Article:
There are no options for removing tenant fees. They will pay 6-12% on every rental. You can apply a cleaning fee set by you, but there are no options for long-term discounts.
This matters because many tenants who want to stay long term will make a short-term booking and then negotiate with you directly for a long-term stay. While there’s nothing wrong with that, the insurance coverage you get when you list online won’t cover you for these side bookings. Airbnb’s facility to offer long-term discounts means you can keep the rental “on the books” while still offering a better rate.
Calculating fees and how they eat into your profits is probably one of the biggest headaches associated with short-term rentals, but Airbnb’s flexibility is a bonus.
Both Airbnb and VRBO offer a selection of cancellation policies that can be strict no-refund guidelines or more flexible policies that offer a 50% or 100% refund depending on how far in advance the renter cancels.
This is another area where Airbnb is more flexible than VRBO. The most lenient policy offered by VRBO is called 14/7, which means a 100% refund if they cancel 14 days in advance and a 50% refund if they cancel seven days in advance.
Airbnb has strict no refund policies and policies that match the 14/7, but they also let you issue a full refund if the tenant cancels within 24 hours.
While this seems more beneficial to the tenant than the landlord, there may be situations in which you want to offer this level of flexibility, and with VRBO you just can’t. On both platforms, you can change your policy whenever you want to.
Both Airbnb and VRBO offer a certain level of insurance coverage when you list your property. It only applies to bookings made through their platform. Again, Airbnb’s offering is just a bit more comprehensive than VRBO’s.
VRBO offers up to $1 million primary liability insurance, which covers you if a tenant decides to sue you for something that happened while they were staying at the property. Airbnb offers the same liability coverage, but also adds up to $3 million in property protection to pay for theft and damage caused by tenants. This is important because contents insurance often won’t cover theft and damage caused by guests, and would consider your Airbnb tenants to be guests.
Reviews are incredibly important to making the sharing economy work! Potential tenants will trust what previous tenants say about you more than what you say about yourself. Honest host reviews also help you identify tenants who are more likely to cause problems.
Airbnb has a fairly strict review system. Both you and the tenant have only two weeks to leave a review, while the events are still fresh in your mind. VRBO allows a full year before reviews are blocked.
There are benefits to both approaches, since two weeks can seem like a very short window when you’re busy. But awareness of the deadline and reminder emails mean that tenants are more likely to leave a review and that it’s more likely to be accurate.
While Airbnb and VRBO are both excellent sites for marketing your home for short-term rentals and managing tenants, this isn’t a tight competition.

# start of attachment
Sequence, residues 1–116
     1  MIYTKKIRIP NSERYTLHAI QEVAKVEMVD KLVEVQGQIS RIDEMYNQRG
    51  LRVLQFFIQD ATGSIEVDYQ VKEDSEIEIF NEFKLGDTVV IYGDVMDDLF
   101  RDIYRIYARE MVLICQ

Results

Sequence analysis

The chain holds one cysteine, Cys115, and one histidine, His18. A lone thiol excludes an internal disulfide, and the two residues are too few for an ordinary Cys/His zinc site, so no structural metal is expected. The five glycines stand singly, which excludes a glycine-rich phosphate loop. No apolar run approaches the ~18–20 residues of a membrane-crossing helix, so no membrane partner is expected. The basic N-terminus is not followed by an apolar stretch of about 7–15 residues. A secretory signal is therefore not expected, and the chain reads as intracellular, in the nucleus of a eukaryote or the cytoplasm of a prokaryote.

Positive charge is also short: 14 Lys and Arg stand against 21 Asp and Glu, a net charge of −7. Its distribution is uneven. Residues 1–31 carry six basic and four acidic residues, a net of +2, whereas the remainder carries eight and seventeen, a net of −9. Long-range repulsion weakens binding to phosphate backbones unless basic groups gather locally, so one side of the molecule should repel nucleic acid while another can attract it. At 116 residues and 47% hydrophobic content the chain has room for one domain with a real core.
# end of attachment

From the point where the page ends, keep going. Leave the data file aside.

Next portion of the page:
Airbnb is newer than VRBO. It launched in 2007, while VRBO has been around since 1995. But Airbnb has made major investment in marketing and as such has managed to make itself the bigger name in the market. This means that if you’re looking for a large potential audience for your property, you’ll find them on Airbnb.
Airbnb also caters to a wider range of properties. This requires that they provide more flexibility in what they allow, which means you have more options as a landlord.
However, if you have a large or luxury property, listing with VRBO can help you “pre-screen” potential tenants since it’s more likely to attract experienced short-term renters with the budget to pay for a larger property.
Just starting out in the rental business? Download or landlord starter kit for a checklist of everything you need to know.
Below you’ll find answers to some of the questions about Airbnb and VRBO most frequently asked by landlords.
In London, you cannot rent out a property on a short-term basis for more than 90 days per calendar year. Some sites, such as Airbnb, will automatically close bookings to your property once this limit has been reached. But these rules do not apply elsewhere in the world.
In the United States, you can rent your home out for 14 days per year without paying tax on your income from the rental.
If you would like to list your property on both VRBO and Airbnb, you can, but to avoid double bookings you’ll need to synchronize your availability calendar using a channel manager such as Hosthub.
As with most things, the best platform for you to use when listing your property for short-term rentals depends on the type of property you have and the type of tenants you’re looking for.
However, it is safe to say that you’ll reach a bigger market with Airbnb and that it offers more flexibility. But VRBO offers benefits if you are specifically working with large or luxury properties.
Just as important as choosing the right platform for marketing and renting your property is preparing it for short-term rental. This means investing in furnishings and amenities and excellent photos to show off your property. Little things can go a long way when people are looking for a home away from home. Good Wi-Fi and access to a coffee machine can make all the difference.
Read our complete guide to short-term renting and guests.